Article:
A resident of a retirement home in Southern California opened fire on firefighters responding to a report of an explosion in the building, killing a veteran fire captain and wounding a second firefighter and another person, officials said.
The shooting happened after firefighters responded to an alarm shortly before 4 a.m. at the 11-story retirement facility in Long Beach, south of Los Angeles, and found some windows blown out, activated sprinklers, the smell of gas and a fire that they extinguished, authorities said.
Firefighters were searching the building when shots were fired and the two firefighters were hit, Long Beach Fire Chief Michael DuRee said.
Fire Capt. Dave Rosa, who had worked for the department for 17 years, died at a hospital Monday morning, DuRee said. He is survived by a wife and two children, the chief said.
The other firefighter who was shot was not immediately identified and was hospitalized in stable condition. A third person was also struck by gunfire and was in critical condition and undergoing surgery, said Police Chief Robert Luna. No further details were provided about that person.
Dozens of firefighters stood at attention and saluted as the flag-draped coffin carrying Rosa’s body was brought out of a hospital Monday afternoon and loaded into a coroner’s van. Community members waved American flags along the street outside the hospital as the procession of police and fire vehicles escorted the van to the coroner’s office.
Luna said a “person of interest” — who police believe is a resident at the facility — was detained at the scene and was being questioned by investigators. A weapon was recovered at the scene, he said.
“There is a big puzzle to put together,” Luna said.
Investigators were looking into whether the shooter intentionally lured first responders to the scene to ambush them, Luna said.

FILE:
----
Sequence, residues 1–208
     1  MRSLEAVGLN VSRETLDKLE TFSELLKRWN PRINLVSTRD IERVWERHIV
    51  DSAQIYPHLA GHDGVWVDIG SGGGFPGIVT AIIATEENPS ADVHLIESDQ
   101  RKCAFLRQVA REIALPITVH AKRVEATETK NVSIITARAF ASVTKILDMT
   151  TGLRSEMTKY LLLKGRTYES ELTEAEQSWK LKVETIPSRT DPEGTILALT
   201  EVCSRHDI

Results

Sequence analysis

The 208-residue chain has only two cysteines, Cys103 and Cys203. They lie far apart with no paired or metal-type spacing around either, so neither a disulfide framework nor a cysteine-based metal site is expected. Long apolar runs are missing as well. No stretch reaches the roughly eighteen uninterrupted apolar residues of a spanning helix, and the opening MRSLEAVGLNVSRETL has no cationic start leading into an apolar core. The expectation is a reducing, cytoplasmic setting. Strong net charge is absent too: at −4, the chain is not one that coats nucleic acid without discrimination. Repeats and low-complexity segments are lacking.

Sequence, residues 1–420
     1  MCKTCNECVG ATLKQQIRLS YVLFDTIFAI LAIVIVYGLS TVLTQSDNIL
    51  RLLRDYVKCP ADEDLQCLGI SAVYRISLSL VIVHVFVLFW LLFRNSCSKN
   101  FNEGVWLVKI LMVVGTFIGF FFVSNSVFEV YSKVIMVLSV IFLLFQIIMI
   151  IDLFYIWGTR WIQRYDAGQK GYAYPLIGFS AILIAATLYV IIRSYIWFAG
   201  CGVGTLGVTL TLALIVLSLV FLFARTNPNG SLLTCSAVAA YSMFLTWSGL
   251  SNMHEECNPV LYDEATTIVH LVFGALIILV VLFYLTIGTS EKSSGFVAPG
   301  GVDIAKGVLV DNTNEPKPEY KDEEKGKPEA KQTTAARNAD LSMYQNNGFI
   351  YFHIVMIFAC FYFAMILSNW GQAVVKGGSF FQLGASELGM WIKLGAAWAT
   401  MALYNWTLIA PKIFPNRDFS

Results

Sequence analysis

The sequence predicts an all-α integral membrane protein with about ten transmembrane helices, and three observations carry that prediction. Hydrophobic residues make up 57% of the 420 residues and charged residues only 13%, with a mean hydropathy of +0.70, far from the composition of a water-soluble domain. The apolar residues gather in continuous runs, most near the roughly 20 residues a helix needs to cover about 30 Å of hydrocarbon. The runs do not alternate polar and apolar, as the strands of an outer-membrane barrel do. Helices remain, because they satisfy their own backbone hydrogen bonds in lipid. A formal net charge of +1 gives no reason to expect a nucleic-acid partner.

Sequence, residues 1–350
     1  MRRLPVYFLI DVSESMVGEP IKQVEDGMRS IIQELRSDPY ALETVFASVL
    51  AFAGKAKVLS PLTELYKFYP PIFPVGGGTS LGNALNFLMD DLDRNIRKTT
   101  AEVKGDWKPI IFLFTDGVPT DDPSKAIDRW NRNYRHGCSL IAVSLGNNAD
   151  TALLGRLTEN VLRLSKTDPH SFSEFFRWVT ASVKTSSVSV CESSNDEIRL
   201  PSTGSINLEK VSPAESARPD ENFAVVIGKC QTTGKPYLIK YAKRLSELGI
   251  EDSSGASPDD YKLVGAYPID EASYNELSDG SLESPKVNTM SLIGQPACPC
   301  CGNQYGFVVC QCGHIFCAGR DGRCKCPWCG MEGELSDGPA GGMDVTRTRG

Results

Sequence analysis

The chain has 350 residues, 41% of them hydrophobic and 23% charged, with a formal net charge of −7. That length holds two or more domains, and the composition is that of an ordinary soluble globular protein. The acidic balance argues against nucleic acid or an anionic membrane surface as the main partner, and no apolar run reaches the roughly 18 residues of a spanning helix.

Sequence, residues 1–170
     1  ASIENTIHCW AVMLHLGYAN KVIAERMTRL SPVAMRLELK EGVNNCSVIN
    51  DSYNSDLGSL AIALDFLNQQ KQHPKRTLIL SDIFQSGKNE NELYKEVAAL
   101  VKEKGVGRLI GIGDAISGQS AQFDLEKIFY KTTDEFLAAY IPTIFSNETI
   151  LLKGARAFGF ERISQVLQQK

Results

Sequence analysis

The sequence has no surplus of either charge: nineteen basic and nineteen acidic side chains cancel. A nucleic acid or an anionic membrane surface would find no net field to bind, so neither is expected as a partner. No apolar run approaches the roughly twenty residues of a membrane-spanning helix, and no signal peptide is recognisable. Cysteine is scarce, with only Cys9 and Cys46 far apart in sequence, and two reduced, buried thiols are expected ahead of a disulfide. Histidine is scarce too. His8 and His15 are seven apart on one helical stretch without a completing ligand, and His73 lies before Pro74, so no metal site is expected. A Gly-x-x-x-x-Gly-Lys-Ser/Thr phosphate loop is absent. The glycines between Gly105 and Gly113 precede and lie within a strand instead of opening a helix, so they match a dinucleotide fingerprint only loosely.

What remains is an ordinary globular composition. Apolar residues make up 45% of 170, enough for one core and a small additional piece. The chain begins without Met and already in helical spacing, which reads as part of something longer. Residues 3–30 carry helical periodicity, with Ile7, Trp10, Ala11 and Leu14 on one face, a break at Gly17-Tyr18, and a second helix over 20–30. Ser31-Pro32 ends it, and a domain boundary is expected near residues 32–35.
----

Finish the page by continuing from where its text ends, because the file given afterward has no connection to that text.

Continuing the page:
“That’s the environment we work in today, as law enforcement and firefighters. You go to these scenes and you never know what’s on the other side of those doors. And these brave firefighters went through those doors and unfortunately they were met with gunfire,” Luna said.
Pamela Barr, who lives in the building, said she was awakened by fire alarms and didn’t panic because false alarms are not uncommon. She tried to go back to sleep but then learned what was happening by watching TV news. Firefighters later evacuated the building and put residents on buses.
“This is a lot to deal with,” said Barr, 73, as she sat with her son in a car, waiting to be allowed back in the tower, where she lives on the ninth floor on the opposite end of the building from where the fire occurred.
Barr said she hadn’t heard of any troubles involving residents of the facility, where she has lived for seven years. She described it as clean, well run and secure.
Gloria Ford, 58, who lives a few blocks away, was awakened by screaming sirens earlier and came to check out the scene.
“I’m very sorry about it. I’m sick about it,” she said about the death of the firefighter. “It’s just mad.”
Police also called for bomb squad investigators after they discovered “a couple of devices they deemed to be suspicious.”
The residential tower near downtown Long Beach has 100 apartments for low-income people age 62 and older as well as disabled adults over age 18, according to its website.
Long Beach is a major port city with a population of more than 400,000.
Balsamo reported from Los Angeles. Associated Press writer John Antczak in Los Angeles contributed to this report.